Here we use an indicator of fit value to evaluate the accuracy of an identified model for a specific parameters vector 𝑃 and given inputs 𝑣(𝑡) and 𝑓ex(𝑡). The fit value is computed as [30]𝑚𝑑=100×1𝐽(𝑃)𝑁𝑛=1|||𝑢𝑟𝑐(𝑛)𝑢𝑟𝑐|||21/2,(25) where 𝑢𝑟𝑐 is the average value of the measurement data {𝑢𝑟𝑐(𝑛)}. This indicator was chosen because it has been used in the research of optimal control of an induction motor using the prediction error method (PEM) for identification.

In our previous work, we found that the NsSd version has better performance than the three others we mentioned in Section 3 [26]. Even if the CAFAC has better optimization function than PSO, the speed of the PSO is an obvious advantage. Therefore we combine the CAFAC and the basic PSO so as to speed up the optimization process. The optimization process is implemented using the software MATAB. The basic procedure of CAFAC algorithm can be described as follows.(1)Set all the values for the parameters and initialize the 𝑁 artificial fish in the search scope with random positions.(2)Evaluate all the artificial fishes using the fitness function 𝑦 and initialize the belief space.(3)For each 𝑖th artificial fish, simulate the preying pattern, swarming, and chasing patterns separately, and select the best child fish. If the child is better, replace the 𝑖th artificial fish with the child.(4)Update the belief space.(5)If the crossover criterion is satisfied, apply the crossover operator to the 𝑖th artificial fish got from Step (3).(6)Switch to PSO until the termination criterion is satisfied.(7)Switch to (3) until the termination criterion is satisfied.(8)End the program if the final termination criterion is satisfied.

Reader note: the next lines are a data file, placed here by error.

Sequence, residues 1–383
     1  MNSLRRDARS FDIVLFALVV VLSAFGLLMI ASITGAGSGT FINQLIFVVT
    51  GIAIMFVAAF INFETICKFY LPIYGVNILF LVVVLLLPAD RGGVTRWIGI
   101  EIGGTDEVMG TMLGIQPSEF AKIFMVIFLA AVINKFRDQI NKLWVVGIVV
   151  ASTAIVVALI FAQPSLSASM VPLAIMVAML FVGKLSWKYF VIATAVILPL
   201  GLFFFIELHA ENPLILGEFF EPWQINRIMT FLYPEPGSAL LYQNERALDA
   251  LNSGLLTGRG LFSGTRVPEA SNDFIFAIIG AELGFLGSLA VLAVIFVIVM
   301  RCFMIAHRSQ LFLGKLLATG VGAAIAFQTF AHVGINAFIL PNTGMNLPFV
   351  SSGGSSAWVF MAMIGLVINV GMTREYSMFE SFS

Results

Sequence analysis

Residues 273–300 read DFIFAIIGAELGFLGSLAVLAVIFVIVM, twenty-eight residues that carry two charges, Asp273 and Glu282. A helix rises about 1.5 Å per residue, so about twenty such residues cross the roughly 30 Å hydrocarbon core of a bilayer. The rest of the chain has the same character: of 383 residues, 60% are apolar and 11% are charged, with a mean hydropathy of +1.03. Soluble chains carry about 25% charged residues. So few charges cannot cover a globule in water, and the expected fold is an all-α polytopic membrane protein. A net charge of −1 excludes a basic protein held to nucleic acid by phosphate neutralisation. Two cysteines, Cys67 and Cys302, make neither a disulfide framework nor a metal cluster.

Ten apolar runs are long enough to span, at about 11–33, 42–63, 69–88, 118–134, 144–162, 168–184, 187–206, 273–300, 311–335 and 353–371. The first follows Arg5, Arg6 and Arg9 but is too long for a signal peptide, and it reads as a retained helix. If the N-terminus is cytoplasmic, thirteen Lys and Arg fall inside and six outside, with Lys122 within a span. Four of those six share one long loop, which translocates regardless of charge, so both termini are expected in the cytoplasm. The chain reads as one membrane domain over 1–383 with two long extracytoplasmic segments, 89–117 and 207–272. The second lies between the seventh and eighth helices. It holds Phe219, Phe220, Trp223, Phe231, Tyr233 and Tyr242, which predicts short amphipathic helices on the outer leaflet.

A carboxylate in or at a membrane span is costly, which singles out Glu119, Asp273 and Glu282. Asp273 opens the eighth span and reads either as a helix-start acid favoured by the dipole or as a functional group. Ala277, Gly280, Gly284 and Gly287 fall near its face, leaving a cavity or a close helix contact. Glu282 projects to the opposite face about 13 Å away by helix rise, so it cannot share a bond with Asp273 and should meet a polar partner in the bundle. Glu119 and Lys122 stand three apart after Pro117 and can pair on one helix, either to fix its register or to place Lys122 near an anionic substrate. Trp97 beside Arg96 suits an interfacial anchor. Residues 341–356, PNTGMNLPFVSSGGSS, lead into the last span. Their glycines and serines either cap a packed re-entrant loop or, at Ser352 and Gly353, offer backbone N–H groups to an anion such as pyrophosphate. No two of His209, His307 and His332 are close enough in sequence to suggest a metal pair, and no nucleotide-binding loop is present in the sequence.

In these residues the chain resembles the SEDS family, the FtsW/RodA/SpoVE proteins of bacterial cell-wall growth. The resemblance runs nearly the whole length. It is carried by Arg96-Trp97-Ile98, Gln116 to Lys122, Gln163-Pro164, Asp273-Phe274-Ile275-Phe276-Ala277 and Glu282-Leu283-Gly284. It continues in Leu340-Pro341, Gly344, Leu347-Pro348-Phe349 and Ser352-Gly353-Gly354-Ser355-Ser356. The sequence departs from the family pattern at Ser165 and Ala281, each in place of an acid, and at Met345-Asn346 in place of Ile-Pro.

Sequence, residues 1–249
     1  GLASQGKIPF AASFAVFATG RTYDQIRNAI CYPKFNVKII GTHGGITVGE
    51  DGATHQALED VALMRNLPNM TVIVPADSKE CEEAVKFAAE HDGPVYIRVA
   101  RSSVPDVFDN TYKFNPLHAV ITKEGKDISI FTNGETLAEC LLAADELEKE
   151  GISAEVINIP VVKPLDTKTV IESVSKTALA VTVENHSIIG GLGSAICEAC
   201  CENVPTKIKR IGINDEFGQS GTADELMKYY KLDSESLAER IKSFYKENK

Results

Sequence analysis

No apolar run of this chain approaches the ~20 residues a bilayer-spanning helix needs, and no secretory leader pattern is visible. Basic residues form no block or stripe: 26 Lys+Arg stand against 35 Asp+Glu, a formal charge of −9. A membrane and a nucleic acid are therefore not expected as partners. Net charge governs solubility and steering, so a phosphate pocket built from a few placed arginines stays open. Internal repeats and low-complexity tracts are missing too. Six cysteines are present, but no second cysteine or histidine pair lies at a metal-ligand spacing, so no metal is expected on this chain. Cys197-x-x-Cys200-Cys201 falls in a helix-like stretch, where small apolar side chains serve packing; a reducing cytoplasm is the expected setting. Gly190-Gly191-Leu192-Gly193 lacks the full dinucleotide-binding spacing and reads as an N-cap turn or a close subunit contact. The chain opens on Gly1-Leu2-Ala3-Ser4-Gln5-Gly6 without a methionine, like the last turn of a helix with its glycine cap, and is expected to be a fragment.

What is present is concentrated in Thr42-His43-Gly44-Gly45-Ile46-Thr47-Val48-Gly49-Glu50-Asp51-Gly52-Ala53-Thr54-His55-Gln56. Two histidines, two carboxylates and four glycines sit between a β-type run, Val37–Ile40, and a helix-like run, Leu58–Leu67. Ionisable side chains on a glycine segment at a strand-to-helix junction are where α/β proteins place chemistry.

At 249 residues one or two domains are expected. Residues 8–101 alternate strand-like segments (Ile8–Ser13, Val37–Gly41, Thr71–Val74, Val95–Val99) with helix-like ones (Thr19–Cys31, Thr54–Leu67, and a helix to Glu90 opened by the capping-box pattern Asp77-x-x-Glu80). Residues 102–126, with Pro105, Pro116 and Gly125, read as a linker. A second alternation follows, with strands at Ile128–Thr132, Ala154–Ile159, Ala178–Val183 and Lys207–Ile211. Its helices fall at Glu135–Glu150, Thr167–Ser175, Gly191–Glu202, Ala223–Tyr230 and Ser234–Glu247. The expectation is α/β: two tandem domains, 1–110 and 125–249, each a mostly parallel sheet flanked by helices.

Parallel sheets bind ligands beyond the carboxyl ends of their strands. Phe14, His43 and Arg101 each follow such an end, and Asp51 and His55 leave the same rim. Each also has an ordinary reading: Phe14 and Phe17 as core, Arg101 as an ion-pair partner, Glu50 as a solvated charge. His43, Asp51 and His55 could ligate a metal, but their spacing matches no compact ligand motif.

The termination criterion here is the same as (22) and the final termination criterion is the maximum of the whole iteration.

In PEM identification the general idea is to produce a model that minimizes a norm, such as𝑉𝑁𝜃,𝑍𝑁=1𝑁𝑁𝑡=0𝜀𝐹(𝑡,𝜃),(26) where 𝜀𝐹(𝑡,𝜃) is the prediction error filtered through a linear filter and () is a scalar function [36]. 𝑍𝑁 is the data consisting of 𝑁 samples and 𝜃 is the model parameterization (i.e., polynomials). The problem is usually solved iteratively using gradient-based methods.

With the identification data, the PEM identification will result in fit values of 79.1 and 80.6 in horizontal and vertical directions. The CAFAC identification produced a model that had fit values of 73.9 and 77.7. Figure 4 displays the filtered measurement, and the model outputs from PEM and the parametric model. It can be stated that the models estimate the data reasonably well. The main differences occur near zero where the response is modest.